Opened 5 years ago

Closed 5 years ago

#29893 closed Bug (wontfix)

Unexpected behavior of DetailView on a model defining __len__() returning False

Reported by: Max Owned by: Max
Component: Generic views Version: 2.1
Severity: Normal Keywords:
Cc: Max Triage Stage: Unreviewed
Has patch: yes Needs documentation: no
Needs tests: no Patch needs improvement: no
Easy pickings: no UI/UX: no



When using Django's DetailView on a model defining a __len__() method, the model object is not always added to context. This is the case, when __len__() of the model object returns zero. The behavior is caused by BaseDetailView.get() calling SingleObjectMixin.get_context_data() which checks like this, if self.object was set before bySingleObjectMixin.get_object():

if self.object:
     # adds self.object to context

Because this check is happening implicitly and not against None, pythons default implementation calling self.object.__len__() ( causes this condition to evaluate to False, at least if __len__() returns zero. This leads to not having the wanted object in context data.

Steps to reproduce:

Create an empty model defining a __len__ method returning zero and a DetailView like this:

class TestModel(models.Model):
    def __len__(self):
        return 0

class TestModelDetailView(DetailView):
    model = TestModel
    template_name = 'test.html'  # some template

After creating a TestModel object, the described behavior can be reproduced when calling the Detailview (url pattern like this /test/<int:pk>/).

Proposed solution

Simply checking if self.object is the default value None prevents this not easy to find bug.
SingleObjectMixin.get_queryset() also has a similar check

if self.model:
    # some action

which does not seem to cause problems, because self.model is a class and no object. It should be considered to also check against the default value for self.model here, which is None.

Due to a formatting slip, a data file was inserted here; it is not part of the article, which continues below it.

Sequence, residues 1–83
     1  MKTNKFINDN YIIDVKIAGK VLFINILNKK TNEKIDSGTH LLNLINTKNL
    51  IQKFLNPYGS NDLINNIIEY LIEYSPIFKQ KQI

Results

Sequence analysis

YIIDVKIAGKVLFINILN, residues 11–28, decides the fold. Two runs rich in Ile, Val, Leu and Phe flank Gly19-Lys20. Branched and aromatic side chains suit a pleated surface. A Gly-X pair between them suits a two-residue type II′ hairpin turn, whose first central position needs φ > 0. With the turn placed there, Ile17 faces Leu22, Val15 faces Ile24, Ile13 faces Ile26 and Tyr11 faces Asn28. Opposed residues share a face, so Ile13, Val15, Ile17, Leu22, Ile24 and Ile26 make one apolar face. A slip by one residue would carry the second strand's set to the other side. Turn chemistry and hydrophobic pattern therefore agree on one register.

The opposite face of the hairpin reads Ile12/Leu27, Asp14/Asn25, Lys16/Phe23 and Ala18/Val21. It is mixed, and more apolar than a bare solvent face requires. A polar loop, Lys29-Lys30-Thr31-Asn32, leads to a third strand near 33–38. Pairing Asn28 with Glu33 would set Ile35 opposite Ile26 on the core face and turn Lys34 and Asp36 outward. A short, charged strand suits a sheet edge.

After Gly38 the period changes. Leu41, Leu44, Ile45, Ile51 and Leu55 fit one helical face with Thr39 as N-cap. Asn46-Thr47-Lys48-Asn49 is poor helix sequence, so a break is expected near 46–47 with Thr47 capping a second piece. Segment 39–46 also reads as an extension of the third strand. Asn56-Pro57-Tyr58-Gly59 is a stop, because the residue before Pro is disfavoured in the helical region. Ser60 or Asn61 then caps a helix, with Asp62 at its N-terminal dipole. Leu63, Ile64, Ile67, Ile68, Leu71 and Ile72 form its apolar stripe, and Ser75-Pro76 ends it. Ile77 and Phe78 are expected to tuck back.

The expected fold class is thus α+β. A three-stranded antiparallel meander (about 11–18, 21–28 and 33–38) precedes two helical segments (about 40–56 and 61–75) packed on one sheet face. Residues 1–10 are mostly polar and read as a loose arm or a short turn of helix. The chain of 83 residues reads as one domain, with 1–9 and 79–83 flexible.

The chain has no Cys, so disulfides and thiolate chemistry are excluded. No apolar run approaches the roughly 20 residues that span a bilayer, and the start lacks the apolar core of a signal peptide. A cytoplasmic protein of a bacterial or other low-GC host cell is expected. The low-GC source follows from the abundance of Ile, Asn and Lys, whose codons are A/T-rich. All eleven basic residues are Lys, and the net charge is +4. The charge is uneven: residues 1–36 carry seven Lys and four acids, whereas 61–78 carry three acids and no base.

Change History (4)

comment:1 by Max, 5 years ago

Cc: Max added
Owner: changed from nobody to Max
Status: newassigned

comment:2 by Simon Charette, 5 years ago

I guess adding an is None would do for this case but I wouldn't be surprised if a lot of other cases still break. For example, there's probably a few model forms or admin APIs that do something along if self.instance and would need to be adjusted as well.

Given defining __len__() on a model instance is an edge case and your issue can be worked around by defining a def __bool__(self): return True I'm tempted to close this issue as _wont fix_ but I'll let other contributors chime in. I feel like the burden of making sure all APIs dealing with optional model instances truthiness appropriately is not worth the small benefit here.

comment:3 by Max, 5 years ago

I agree that the case of having __len__ defined on a model may be rare, but i would strongly propose doing the modification of this check. Although this may not be exhaustive (you mentioned cases like self.instance), i think it is worth it, because the current situation leads to highly unexpected behavior, which can be definitely avoided in this particular case.

Last edited 5 years ago by Max (previous) (diff)

comment:4 by Tim Graham, 5 years ago

Resolution: wontfix
Status: assignedclosed

I agree with Simon that trying to adapt the Django ecosystem to this convention is likely an unreasonable burden. You can write to the DevelopersMailingList if you want to try to convince the community otherwise. It would certainly help your argument if you explained why you want to define __len__() as such. Others may suggest a better solution for the problem you're trying to solve.

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